Re: QUERY: trying to increase website use by our customers

Subject: Re: QUERY: trying to increase website use by our customers
From: Tom Murrell <trmurrell -at- yahoo -dot- com>
To: "TECHWR-L" <techwr-l -at- lists -dot- raycomm -dot- com>
Date: Fri, 30 Mar 2001 11:49:58 -0800 (PST)

--- Donna Horowitz <horowit -at- en -dot- com> wrote:
> Our company designs and manufactures equipment for the transportation
> industry with heavy emphasis on the automotive segment. As Hickok has
> become acquainted with the WWW, our management, driven by the board
> of directors, wants to use our website as a tool for encouraging
> customer contact.

Well, that's all right as far as it goes, assuming your customers use the web
already. Has anybody researched your customer base to determine what
percentages use the web, how sophisticated they are in their web use, how
willing they would be to use your site (assuming it was well-designed) for the
purposes your board would wish? From my vantage point too many companies have
determined that they have to "be on the web" but haven't thought it through as
to what that means or whether it will benefit _both_ the company and its

> One of the recent suggestions is that we eliminate any addresses in
> our manuals and instead give phone number and website address. When

Bad idea. Do you intend to write off those customers who don't have access and
won't have it under any circumstances? (Doing so may make the numbers (e.g.
complaints dropping) look better, but will that be because you're handling
complaints more efficiently or because people have given up trying to reach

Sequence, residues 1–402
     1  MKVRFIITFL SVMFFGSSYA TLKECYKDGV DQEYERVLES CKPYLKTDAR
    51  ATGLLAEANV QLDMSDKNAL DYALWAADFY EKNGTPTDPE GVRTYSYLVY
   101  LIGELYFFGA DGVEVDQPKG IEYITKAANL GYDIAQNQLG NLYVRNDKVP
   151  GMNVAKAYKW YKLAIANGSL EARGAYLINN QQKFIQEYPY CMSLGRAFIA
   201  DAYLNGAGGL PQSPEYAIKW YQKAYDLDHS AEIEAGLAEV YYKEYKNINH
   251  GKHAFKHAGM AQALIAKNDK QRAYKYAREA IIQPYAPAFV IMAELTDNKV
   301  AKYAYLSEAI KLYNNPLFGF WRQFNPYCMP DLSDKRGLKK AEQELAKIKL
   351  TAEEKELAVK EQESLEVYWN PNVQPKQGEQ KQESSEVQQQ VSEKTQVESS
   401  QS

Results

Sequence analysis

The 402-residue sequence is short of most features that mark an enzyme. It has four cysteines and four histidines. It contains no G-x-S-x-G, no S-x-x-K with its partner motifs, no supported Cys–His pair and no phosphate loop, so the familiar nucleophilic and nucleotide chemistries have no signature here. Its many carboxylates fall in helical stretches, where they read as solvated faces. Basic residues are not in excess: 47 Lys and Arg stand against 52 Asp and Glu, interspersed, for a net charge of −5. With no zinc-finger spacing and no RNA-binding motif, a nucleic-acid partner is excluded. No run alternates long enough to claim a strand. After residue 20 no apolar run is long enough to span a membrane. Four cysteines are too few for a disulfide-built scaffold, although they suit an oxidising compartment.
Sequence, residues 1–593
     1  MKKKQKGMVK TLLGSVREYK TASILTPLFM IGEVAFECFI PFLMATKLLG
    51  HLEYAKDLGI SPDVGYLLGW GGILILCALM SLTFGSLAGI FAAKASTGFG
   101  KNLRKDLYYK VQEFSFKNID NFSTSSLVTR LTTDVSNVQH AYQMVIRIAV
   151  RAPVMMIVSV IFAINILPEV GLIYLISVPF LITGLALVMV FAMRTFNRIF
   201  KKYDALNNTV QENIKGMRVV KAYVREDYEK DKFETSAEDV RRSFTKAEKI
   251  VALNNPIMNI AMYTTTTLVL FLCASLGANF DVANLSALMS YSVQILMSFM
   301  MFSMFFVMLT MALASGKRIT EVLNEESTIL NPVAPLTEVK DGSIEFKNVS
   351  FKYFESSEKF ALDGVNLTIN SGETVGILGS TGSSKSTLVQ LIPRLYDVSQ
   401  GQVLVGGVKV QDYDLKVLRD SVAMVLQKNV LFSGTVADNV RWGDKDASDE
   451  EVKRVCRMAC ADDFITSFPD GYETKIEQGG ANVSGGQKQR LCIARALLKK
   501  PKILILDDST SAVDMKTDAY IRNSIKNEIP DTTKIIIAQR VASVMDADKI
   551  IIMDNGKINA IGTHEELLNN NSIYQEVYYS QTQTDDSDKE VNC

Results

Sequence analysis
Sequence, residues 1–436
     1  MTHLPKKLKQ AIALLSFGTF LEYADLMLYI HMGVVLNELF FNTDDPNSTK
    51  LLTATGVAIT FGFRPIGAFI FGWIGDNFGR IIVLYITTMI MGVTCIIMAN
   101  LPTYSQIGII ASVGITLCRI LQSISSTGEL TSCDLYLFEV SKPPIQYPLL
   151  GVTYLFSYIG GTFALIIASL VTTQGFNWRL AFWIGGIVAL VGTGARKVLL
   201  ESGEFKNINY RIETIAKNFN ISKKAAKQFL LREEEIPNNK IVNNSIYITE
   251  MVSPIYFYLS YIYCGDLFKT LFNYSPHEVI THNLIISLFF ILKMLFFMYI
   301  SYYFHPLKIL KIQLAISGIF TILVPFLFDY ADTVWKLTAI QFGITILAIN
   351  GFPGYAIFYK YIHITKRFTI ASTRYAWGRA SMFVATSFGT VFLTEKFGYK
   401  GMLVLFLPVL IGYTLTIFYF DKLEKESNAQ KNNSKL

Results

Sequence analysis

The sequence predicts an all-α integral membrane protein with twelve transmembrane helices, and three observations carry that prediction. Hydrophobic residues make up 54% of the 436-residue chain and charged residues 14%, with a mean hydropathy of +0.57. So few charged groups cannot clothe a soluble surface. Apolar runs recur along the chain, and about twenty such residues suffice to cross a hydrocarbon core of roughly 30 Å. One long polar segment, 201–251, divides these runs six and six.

> they call or contact us through the website, they will receive an
> authorization number for service which they need to include with the
> equipment when they return it. We want to encourage customers to
> contact us before sending equipment back to us for service with no
> clue as to what the problem is.

I'd make the argument that you're trying to solve the problem with the wrong
tool. You want customers to tell you what the problem is with a piece of
equipment. Solve that problem independently of the web. Then if there's an
application of the solution that will work through your web site, implement it.
The solution shouldn't be to "make the customer" do something; the solution
should be to make it worth the customer's time and effort. Give them incentives
they want. Don't give them something that will make the company's life easier
or be less costly than the current situation.

> When I listen to the comments and suggestions at the meetings, I'm
> getting the idea that the main concern is to improve our relationship
> with our customers. We typically have distributors selling our
> equipment, so we are often invisible to the end user. The issue here
> is that often, when customers have any problem, even something minor,
> they go back to the distributor who doesn't really care about
> providing service to the customer.

Then you don't have a customer problem; you have a distributor problem. Quality
distributors know the importance of service after the sale. As an entrepreneur
friend of mine is fond of saying, "Service is the gift that keeps on giving."